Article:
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Two young women find themselves struggling to survive in Paris, street-wise Nathalie, a stripper, and naïve Sandrine, a barmaid. Together, they discover that sex can be used to their ... See full summary »
A small village in Portugal, Águas-Altas, is being sued by a Spanish multinational corporation because the village hosts a website that uses the same name as an international brand of ... See full synopsis »
In Lisbon, the middle-aged TV journalist Linda Lapa is preparing a special program named 'Three Wishes' for her show "Maquillages" (make-up) and interviews her best-friends Eva, Barbara, Chloé and Branca. Linda has a love affair with the younger director Gigi but she does not allow him to spend the night with her. When the young actress Raquel flirts with Gigi, Linda feels that she must change her behavior to keep her relationship with her lover. Eva is a widow literature professor with a son. Eva feels desire for Luis but lives a moral dilemma between her lust and their age difference. Barbara is hypochondriac and misses her husband Edgar (Didier Flamand), but they have a good relationship and Barbara, her daughter Inês (Marie Guillard) and Luis frequently meets Edgar. When Barbara faints in a store, she discovers that she has an incurable disease. Chloé is a lesbian make-up professional that was addicted to heroin and secretly loves Branca, who is a successful actress and the ... Written by
Claudio Carvalho, Rio de Janeiro, Brazil
Pan European light comedy with middle aged & eccentric women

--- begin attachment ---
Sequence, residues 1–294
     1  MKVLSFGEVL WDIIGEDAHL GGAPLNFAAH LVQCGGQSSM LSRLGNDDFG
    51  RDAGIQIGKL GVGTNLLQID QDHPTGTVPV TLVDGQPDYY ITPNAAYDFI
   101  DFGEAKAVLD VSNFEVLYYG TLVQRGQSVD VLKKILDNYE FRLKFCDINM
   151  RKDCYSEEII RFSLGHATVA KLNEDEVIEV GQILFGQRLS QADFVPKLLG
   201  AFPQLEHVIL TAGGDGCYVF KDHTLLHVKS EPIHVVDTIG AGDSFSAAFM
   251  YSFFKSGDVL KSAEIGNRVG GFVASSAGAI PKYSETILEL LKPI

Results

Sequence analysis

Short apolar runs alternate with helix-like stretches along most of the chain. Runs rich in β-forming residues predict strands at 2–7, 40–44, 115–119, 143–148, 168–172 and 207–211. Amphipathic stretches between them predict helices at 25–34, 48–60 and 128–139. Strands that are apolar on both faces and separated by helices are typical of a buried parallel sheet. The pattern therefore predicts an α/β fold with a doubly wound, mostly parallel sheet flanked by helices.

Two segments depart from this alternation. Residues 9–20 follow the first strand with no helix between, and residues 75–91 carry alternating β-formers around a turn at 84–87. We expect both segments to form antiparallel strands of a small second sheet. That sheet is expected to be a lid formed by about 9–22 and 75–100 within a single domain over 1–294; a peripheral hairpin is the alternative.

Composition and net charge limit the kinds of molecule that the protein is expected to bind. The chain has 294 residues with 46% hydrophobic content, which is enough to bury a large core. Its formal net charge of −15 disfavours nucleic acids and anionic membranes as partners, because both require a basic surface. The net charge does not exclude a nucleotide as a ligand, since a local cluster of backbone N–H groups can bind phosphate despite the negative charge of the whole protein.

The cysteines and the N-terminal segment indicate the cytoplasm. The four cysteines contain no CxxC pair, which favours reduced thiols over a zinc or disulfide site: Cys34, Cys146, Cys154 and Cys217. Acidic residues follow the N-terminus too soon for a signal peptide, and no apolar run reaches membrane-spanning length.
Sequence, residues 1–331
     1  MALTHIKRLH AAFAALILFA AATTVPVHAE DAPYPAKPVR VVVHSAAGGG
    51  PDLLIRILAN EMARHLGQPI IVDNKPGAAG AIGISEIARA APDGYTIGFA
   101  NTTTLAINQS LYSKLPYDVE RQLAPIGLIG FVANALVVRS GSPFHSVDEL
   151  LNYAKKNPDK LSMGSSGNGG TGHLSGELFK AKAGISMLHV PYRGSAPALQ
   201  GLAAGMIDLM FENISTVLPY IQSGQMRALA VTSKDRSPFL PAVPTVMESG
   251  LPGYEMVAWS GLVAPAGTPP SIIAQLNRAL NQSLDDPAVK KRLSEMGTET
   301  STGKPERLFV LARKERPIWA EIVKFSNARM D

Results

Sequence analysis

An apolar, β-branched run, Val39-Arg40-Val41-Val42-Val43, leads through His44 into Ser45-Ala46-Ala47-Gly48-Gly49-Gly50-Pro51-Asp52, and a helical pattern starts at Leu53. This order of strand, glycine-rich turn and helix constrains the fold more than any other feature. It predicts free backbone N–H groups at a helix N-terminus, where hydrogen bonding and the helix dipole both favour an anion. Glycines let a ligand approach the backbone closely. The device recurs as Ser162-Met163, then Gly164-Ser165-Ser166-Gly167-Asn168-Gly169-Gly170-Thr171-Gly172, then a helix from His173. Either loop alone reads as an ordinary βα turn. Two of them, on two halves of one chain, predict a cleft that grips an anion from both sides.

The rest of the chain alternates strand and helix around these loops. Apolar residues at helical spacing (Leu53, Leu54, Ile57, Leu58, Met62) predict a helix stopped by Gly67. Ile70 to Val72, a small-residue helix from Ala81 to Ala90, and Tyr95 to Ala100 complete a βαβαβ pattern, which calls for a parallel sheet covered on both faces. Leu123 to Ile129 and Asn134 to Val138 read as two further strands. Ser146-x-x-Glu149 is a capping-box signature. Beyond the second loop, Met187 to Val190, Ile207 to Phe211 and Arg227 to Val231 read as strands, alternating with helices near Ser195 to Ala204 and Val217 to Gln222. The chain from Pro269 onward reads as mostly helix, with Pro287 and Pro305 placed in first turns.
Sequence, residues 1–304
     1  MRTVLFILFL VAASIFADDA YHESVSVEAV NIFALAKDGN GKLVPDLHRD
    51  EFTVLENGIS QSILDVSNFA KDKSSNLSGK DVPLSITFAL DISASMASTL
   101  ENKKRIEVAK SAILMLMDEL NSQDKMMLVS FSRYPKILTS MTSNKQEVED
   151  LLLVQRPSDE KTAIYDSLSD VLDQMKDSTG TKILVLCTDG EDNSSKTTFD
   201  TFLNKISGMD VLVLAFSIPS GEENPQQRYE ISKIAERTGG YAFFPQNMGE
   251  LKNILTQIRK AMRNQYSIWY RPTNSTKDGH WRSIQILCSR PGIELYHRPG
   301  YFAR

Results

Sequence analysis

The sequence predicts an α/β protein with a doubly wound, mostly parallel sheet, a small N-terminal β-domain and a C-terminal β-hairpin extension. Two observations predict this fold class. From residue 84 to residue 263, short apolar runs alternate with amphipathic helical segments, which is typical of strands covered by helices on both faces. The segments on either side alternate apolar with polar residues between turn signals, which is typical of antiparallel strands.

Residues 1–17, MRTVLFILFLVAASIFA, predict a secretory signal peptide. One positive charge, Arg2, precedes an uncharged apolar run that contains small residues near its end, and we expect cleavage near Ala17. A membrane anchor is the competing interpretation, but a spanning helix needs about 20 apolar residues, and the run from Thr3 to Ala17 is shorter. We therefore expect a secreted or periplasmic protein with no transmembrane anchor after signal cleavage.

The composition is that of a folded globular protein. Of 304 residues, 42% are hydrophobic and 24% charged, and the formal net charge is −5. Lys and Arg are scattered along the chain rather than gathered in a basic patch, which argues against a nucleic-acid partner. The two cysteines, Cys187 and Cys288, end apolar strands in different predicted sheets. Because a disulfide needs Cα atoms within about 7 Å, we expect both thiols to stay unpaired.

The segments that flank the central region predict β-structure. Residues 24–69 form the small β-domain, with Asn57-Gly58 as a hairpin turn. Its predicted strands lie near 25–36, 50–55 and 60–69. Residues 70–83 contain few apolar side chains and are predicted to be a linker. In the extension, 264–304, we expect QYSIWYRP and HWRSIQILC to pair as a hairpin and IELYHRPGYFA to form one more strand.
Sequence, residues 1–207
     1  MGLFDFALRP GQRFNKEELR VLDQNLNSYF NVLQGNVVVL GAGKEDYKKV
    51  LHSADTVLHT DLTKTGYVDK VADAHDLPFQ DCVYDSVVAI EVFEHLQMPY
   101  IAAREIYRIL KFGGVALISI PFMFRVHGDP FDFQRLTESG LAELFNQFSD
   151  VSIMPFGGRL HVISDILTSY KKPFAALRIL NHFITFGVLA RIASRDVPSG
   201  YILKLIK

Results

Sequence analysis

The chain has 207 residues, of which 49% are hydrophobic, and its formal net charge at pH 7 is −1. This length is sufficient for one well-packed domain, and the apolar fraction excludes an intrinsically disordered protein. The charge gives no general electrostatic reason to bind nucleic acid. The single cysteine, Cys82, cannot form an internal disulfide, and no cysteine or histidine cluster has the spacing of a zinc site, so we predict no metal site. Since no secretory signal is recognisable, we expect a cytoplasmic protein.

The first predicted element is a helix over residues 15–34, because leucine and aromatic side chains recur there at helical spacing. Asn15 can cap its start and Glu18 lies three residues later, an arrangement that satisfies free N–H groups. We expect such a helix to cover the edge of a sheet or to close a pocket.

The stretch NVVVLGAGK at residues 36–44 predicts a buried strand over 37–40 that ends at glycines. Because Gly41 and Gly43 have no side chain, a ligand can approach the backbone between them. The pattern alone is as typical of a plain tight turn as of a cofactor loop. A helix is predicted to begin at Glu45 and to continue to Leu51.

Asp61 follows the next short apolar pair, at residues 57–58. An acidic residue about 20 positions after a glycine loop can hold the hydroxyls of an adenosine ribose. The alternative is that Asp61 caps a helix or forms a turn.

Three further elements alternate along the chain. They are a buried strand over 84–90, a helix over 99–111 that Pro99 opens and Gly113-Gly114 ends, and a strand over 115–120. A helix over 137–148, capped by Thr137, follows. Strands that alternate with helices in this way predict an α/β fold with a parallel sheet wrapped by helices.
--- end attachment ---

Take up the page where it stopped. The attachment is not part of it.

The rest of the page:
A light comedy bringing together some of Europe's former beauties, this film is light fluff in a very contrived Pan-European atmosphere. Lisbon, a romantic city to many (and definitely the cheapest capital in the European Union to film a movie) is the backdrop for this assortment of women, none of which is Portuguese. A couple are Swiss, one Spanish, one American, and one actually is French. But we must assume that it is quite normal that all the characters including the sole Portuguese leading character, their family, friends and co-workers all speak fluent French, not a Portuguese word to be heard. Well, if this is a barrier, be prepared for more. They are all on the wrong side of 40, as advertised everywhere. Why not say 50? At the time of filming all the "women" (except Miou-Miou, who was 47) were over 50, and by now when the film is being released for the first time, they are all in their mid 50s. Yes, they look nice. But forty? The last major hurdle to clear to enjoy the film is to accept the five most popular cliches about older women. A couple are men hungry to the point one even has sex in front of her grown daughter. Another (unlikely) one is an old lipstick lesbian. The teacher has sex with Lisbon students 30 years her junior (who also speak fluent French). And the main, arguably most "normal" character (as played by the Spanish Carmen Maura) has a live-in lover 12 years younger (Joaquim de Almeida). If all these anomalies don't faze you, you may enjoy the film as the light comedy with fading female stars it was intended to be.
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